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Originally published in the Wilson Journal of Ornithology. Republished here with permission of the editors.

Journal website:

doi: 10.1676/15-108.1


We analyzed data from a woodland site for a 59-year period to determine whether changes in bird populations are related to changes in the diversity and relative abundance of woody plant species even when vegetation structure, degree of forest fragmentation in the surrounding landscape, and regional changes in bird populations are taken into account. Principal component analyses generated vegetation factors encompassing variables such as total basal area, shrub density, basal area of common tree species, and measures of tree and shrub species diversity. We also calculated a forest edge/ forest area index based on GIS analysis of the landscape within 2 km of the study site. Poisson regression models revealed relationships between these covariates and population changes for 19 bird species and for seven groups of species characterized by similar migration strategies or habitat requirements. All groups of habitat specialists showed a positive relationship with the first vegetation factor, which indicates that they declined as total basal area and dominance of oaks and maples increased and as tree and shrub diversity decreased. This suggests that floristic diversity may be important for determining habitat quality. Bird species associated with the shrub layer and with hemlock stands showed positive relationships with the second vegetation factor, suggesting that the recent decline in eastern hemlocks (Tsuga canadensis) because of hemlock woolly adelgid (Adelges tsugae) had an adverse impact on these species. Forest migrants, shrub-layer specialists, long-distance migrants and permanent residents showed negative relationships with the forest edge/forest interior index, indicating that conservation efforts to protect bird communities should take the wider landscape into account. The strongest relationship for most species and species groups was with the first vegetation factor, which suggests that species composition and diversity of trees and shrubs may be especially important in determining abundance of many forest bird species.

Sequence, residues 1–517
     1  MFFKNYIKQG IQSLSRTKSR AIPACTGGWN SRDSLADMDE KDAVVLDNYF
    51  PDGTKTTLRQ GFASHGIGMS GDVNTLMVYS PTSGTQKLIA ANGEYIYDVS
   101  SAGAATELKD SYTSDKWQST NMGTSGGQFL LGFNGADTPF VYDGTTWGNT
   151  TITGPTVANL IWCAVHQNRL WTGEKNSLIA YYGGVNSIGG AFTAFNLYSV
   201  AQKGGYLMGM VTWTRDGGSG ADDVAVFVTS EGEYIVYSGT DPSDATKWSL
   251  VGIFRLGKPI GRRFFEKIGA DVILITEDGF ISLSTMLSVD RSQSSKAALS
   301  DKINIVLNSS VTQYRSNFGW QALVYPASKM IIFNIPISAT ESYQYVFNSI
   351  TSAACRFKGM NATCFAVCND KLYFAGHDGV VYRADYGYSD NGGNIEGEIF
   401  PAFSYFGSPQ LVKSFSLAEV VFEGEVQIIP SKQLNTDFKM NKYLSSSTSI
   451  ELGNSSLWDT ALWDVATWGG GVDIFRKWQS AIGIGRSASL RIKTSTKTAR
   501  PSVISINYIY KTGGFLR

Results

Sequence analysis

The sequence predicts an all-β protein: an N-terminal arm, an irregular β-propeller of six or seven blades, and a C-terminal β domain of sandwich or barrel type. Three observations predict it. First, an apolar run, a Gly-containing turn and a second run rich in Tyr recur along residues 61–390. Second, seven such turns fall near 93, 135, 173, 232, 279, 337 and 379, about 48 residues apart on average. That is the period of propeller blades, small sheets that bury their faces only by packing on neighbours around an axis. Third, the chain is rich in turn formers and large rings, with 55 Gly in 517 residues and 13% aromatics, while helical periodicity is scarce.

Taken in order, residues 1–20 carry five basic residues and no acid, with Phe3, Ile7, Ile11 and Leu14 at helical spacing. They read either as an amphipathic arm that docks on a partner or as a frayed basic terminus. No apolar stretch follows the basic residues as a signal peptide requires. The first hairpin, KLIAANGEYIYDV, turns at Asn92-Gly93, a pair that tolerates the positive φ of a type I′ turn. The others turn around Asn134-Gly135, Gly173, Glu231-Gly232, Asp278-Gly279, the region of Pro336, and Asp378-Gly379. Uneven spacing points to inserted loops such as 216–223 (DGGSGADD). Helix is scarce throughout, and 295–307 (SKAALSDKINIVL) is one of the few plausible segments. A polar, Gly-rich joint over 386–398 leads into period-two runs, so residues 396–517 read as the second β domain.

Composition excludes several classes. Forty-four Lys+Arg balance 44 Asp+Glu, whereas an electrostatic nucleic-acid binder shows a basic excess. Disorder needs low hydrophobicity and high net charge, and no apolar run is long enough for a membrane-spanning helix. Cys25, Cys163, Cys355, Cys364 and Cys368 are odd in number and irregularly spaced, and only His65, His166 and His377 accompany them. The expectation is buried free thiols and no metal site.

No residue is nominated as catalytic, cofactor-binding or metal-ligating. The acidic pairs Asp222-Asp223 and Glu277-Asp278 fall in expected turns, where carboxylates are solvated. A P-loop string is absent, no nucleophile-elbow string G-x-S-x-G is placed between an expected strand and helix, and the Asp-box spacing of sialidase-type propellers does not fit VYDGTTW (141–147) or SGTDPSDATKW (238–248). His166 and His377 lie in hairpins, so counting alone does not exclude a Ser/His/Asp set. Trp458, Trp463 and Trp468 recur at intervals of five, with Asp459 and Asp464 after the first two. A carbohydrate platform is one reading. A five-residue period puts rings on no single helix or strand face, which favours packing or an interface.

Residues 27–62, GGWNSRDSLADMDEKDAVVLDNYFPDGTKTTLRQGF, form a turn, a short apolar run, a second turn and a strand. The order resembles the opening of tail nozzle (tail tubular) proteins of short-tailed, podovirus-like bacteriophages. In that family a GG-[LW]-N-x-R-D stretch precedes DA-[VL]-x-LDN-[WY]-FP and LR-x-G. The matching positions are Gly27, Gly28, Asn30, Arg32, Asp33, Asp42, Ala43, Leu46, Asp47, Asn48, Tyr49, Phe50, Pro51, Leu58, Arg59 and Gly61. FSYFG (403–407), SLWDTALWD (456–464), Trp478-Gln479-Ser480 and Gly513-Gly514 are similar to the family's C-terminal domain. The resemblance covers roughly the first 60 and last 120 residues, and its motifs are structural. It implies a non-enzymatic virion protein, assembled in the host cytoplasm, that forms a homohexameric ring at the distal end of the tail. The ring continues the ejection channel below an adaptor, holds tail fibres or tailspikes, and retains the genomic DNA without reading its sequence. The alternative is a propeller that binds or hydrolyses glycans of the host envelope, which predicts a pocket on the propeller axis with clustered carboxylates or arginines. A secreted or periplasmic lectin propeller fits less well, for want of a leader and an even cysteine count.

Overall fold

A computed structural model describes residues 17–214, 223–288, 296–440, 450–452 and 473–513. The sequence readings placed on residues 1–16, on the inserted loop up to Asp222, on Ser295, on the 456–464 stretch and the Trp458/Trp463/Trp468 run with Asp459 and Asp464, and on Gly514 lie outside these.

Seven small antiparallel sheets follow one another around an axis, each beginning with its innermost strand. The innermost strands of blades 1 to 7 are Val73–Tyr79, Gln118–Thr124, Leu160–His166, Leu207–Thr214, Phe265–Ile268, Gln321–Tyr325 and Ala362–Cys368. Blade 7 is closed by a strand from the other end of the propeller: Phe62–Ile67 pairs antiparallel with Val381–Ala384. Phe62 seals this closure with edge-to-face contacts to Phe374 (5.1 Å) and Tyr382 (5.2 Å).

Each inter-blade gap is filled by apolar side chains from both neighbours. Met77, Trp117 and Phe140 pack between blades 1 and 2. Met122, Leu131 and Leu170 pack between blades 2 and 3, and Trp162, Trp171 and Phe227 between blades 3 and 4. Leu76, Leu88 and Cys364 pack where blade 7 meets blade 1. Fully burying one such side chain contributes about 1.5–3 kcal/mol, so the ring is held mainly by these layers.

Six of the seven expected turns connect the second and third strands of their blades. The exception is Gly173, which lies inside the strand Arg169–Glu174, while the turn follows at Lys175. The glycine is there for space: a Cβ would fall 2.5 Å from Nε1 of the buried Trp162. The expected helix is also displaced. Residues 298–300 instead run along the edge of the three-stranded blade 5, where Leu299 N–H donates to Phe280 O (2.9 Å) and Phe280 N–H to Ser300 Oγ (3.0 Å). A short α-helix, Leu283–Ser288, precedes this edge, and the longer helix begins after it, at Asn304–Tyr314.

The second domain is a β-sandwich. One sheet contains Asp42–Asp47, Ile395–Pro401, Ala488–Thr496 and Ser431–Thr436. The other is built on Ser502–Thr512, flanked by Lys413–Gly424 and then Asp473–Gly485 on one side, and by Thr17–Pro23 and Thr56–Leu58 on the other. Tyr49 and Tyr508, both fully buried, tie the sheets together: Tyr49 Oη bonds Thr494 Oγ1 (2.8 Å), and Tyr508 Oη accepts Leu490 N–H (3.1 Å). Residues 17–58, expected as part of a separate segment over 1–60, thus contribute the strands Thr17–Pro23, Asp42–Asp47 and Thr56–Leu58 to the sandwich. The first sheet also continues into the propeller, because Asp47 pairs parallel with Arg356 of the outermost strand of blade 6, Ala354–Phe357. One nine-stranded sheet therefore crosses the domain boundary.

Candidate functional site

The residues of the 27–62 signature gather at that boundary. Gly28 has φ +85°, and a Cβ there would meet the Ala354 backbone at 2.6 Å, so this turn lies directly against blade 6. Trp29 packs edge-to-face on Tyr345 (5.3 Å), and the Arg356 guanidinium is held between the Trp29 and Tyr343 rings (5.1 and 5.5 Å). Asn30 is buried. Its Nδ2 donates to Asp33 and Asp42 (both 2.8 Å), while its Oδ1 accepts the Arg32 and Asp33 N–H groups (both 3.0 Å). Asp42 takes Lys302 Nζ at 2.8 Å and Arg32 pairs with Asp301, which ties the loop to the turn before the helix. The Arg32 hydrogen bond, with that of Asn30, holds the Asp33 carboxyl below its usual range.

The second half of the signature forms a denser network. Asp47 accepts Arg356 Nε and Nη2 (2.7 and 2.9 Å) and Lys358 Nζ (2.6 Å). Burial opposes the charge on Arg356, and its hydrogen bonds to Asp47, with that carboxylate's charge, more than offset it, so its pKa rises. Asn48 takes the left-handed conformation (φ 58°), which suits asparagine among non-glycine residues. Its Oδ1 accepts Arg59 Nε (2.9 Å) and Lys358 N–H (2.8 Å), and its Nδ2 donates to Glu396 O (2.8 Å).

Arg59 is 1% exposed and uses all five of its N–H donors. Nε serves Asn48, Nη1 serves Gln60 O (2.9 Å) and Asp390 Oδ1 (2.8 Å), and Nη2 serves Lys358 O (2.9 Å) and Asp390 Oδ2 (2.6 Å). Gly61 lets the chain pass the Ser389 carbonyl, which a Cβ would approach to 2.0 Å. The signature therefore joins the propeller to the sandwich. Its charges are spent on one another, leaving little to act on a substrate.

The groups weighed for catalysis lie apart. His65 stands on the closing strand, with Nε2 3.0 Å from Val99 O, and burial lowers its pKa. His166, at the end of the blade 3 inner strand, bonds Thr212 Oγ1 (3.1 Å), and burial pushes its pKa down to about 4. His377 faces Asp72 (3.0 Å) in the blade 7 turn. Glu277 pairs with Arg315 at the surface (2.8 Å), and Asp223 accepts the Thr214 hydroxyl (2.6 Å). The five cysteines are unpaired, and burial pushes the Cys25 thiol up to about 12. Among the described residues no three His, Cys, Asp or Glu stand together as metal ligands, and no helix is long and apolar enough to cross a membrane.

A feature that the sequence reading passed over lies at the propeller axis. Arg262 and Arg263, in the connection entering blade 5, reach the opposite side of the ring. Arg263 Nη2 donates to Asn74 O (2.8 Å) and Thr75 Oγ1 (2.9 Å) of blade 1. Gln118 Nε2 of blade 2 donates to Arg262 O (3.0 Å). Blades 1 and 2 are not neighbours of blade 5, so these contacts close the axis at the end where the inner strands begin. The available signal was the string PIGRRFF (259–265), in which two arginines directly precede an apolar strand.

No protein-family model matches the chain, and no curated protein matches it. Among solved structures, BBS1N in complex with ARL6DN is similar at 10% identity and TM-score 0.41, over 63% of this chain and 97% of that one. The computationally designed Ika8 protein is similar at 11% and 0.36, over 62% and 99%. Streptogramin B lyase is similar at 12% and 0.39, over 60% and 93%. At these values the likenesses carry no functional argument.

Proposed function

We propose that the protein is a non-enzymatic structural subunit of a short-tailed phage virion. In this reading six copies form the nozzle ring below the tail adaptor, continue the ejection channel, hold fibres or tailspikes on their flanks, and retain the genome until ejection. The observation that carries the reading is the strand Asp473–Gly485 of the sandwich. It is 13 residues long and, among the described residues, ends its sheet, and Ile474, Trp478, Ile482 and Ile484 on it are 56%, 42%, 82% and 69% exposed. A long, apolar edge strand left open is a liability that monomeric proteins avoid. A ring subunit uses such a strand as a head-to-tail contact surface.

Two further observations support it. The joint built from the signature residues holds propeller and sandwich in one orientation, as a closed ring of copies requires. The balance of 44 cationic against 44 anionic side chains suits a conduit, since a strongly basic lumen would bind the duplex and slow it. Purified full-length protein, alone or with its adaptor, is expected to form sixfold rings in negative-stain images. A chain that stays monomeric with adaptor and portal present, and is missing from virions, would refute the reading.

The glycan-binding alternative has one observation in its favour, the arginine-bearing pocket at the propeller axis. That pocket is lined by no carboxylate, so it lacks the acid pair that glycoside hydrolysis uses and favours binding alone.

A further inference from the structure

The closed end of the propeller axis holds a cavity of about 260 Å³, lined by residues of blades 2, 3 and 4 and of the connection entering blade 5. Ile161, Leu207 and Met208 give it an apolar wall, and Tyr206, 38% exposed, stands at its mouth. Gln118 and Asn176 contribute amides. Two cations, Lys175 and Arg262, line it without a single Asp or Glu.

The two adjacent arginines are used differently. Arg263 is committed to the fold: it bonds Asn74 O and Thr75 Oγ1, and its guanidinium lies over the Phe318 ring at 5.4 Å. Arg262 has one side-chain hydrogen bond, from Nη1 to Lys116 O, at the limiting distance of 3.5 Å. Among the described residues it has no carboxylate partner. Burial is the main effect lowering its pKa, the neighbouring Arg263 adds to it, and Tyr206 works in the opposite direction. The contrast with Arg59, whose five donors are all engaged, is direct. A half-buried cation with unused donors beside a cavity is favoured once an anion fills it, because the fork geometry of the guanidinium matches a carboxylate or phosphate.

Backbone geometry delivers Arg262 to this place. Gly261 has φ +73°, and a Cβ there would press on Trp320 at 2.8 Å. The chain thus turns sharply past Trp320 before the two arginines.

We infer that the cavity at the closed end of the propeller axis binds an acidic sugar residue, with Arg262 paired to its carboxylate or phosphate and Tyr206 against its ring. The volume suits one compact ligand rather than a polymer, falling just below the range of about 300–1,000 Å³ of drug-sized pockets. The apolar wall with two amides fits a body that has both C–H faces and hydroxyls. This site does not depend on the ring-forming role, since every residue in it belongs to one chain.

The views expressed in this paper are solely those of the author.